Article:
Reporting Border Conflict: Stifled News, Lost Lives
by Mort Rosenblum
Award-winning journalists with decades of global reporting experience will explore how border conflict from Sonora to Syria skews reality and endangers reporters in a free public discussion on Tuesday, February 18 at 5 p.m. in the University of Arizona’s Center for Creative Photography. The UA School of Journalism and the OPC are sponsoring the talk.
In the past two years, 159 journalists were killed in pursuit of news, according to Reporters Without Borders. Another 1,705 were arrested, 125 were kidnapped and 150 had to flee their countries. Growing threats on the safety and security of journalists impact heavily on how stories are covered. Some home-based editors and reporters censor themselves in fear for their families. Correspondents often travel with security guards in conflict zones.
Bill Schmidt, the panel moderator, retired as The New York Times deputy managing editor in 2013 and joined the UA faculty. Panelists are Giannina Segnini, investigations editor at La Nacion in Costa Rica; Ricardo Sandoval Palos, veteran Latin America reporter and human rights researcher; and OPC member Mort Rosenblum, Paris-based former Associated Press special correspondent who teaches International Reporting at the UA.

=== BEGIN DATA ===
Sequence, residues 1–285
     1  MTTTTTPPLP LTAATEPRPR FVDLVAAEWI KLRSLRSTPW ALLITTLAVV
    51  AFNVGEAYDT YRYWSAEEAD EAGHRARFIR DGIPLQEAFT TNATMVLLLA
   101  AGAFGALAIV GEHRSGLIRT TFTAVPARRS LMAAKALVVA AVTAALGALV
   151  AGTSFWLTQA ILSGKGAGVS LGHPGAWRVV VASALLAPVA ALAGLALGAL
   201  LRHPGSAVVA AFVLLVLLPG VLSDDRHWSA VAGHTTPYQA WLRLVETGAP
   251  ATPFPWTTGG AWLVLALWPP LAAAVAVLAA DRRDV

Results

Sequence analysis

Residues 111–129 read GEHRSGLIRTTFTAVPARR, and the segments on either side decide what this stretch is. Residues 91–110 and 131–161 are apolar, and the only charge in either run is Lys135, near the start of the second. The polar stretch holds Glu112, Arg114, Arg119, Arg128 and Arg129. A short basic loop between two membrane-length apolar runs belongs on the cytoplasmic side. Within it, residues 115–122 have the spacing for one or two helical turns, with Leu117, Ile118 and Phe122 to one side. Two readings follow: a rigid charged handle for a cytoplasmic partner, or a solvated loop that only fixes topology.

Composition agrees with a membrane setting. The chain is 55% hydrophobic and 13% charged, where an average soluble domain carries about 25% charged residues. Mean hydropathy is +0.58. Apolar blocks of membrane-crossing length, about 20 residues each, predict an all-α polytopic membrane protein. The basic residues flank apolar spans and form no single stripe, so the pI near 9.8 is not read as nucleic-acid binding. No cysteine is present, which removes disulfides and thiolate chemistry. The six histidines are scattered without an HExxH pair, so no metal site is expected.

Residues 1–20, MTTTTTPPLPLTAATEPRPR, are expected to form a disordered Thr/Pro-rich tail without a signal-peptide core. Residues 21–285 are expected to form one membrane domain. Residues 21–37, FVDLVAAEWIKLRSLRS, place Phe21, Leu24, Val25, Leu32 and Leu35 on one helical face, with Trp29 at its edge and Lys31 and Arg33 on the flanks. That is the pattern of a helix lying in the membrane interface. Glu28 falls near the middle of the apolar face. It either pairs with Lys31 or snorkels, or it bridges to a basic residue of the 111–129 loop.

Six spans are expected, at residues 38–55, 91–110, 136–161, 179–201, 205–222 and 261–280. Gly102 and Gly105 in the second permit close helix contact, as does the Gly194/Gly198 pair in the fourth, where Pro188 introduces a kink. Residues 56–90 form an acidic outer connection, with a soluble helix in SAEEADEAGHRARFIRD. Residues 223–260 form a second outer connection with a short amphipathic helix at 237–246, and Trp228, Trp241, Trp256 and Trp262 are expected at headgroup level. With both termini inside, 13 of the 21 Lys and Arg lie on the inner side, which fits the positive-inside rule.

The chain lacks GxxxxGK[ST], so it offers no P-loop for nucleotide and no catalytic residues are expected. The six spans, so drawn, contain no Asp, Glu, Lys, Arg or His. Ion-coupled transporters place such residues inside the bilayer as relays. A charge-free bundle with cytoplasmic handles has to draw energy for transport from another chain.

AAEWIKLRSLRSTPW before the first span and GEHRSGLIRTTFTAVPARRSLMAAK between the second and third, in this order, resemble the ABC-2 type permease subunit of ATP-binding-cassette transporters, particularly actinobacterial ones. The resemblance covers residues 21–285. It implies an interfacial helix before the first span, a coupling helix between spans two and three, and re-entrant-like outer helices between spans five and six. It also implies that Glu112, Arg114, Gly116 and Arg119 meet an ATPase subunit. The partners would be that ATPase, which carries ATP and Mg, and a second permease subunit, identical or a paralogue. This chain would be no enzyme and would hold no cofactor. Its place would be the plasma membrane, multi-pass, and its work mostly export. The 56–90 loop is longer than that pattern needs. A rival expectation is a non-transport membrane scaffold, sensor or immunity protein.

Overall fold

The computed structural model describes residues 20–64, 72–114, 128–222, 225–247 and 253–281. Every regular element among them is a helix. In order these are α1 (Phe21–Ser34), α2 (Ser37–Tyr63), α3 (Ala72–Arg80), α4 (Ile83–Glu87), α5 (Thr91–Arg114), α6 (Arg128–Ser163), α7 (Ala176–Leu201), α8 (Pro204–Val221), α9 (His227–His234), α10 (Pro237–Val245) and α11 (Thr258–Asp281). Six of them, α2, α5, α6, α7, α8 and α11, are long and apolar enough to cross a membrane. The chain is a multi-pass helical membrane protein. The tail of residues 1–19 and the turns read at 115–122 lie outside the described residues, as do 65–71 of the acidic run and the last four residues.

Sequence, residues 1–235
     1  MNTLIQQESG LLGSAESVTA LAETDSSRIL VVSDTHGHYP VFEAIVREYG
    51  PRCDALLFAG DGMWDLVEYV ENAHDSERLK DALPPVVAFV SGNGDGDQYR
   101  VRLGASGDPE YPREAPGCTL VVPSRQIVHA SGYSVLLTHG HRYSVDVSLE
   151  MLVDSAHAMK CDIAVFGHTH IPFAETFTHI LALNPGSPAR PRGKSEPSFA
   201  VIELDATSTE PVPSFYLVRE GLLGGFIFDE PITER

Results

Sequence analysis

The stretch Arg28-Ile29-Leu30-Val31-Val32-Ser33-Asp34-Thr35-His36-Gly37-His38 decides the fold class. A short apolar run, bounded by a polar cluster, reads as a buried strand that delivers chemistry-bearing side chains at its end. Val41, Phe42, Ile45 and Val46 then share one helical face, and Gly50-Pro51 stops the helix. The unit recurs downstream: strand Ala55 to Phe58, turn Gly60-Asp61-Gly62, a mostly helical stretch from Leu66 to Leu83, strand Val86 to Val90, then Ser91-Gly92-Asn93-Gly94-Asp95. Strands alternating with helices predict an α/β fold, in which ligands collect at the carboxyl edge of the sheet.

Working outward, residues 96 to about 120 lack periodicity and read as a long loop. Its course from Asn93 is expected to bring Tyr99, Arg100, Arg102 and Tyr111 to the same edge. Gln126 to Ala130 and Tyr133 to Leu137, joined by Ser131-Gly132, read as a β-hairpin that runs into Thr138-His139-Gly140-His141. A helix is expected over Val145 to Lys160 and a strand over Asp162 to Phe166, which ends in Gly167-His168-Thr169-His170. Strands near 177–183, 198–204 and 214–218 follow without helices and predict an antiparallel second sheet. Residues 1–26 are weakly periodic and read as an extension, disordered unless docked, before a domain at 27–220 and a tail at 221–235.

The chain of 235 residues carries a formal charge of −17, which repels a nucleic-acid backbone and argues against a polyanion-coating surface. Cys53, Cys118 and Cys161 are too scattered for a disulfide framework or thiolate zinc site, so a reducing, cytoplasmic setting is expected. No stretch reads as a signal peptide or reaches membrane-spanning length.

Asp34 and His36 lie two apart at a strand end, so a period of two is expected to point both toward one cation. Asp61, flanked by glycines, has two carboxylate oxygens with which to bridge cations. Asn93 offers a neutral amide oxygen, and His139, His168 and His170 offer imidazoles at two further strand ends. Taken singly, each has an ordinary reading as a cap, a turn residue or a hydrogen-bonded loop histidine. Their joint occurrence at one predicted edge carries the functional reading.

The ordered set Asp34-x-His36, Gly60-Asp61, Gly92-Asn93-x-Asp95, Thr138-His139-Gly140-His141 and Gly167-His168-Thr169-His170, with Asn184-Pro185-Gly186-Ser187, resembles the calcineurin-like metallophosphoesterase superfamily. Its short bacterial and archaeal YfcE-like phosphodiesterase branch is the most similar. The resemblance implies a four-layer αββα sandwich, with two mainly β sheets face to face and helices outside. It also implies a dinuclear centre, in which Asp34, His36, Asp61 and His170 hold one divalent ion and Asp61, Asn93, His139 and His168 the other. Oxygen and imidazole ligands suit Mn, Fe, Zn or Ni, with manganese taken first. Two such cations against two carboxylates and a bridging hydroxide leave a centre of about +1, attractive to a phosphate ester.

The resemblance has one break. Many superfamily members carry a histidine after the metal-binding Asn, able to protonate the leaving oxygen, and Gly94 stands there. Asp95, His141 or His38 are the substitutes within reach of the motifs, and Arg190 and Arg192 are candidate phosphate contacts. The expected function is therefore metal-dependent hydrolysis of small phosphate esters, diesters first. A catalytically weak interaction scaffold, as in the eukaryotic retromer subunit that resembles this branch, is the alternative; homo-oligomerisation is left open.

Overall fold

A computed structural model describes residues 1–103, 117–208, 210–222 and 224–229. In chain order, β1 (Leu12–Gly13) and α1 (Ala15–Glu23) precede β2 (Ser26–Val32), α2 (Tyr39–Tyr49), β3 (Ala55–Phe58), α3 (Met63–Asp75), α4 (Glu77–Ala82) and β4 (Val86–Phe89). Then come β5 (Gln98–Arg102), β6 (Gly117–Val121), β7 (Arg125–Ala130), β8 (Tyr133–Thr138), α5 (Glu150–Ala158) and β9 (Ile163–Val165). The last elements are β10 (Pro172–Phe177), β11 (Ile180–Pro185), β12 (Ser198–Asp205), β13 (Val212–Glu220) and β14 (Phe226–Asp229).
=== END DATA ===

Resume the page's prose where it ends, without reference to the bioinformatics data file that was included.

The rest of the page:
Schmidt directed the Times’ efforts to keep scores of far-ranging correspondents and stringers safe in hostile environments. He helped ensure a steady stream of reliable news from Afghanistan, Iraq, Syria, and North Africa. Before returning to New York, he was based in London, from where he covered the Middle East, Africa, and the Balkans.
Segnini’s prize-winning team has disclosed 10 cases of international corruption, including one that sent two former Costa Rican presidents to jail. She travels widely and is a featured speaker and jury member at international conferences on investigative journalism. She also teaches at the University of Costa Rica.
Sandoval spent a decade in Latin America for the Dallas Morning News and Knight-Ridder writing hard-hitting stories on drugs and border issues. He then supervised global investigative journalists for The Center for Public Integrity and researched border issues for Human Rights Watch. He is now organizing an international news venture.
Rosenblum, a UA graduate, joined AP from the Arizona Daily Star in 1965. He has covered war and peace on four continents, from Congo and Vietnam to Iraq and Afghanistan. He edited the International Herald Tribune from 1979 to 1981. An eight-time Pulitzer nominee, he has written a series of books about global news coverage.
Panelists will focus on the U.S.-Mexico border and Central America within a global context and then take questions from the audience.
The event takes place on Tuesday, February 18 at 5 p.m. in the University of Arizona’s Center for Creative Photography at 1030 North Olive Road. RSVP by calling the OPC at 212-626-9220.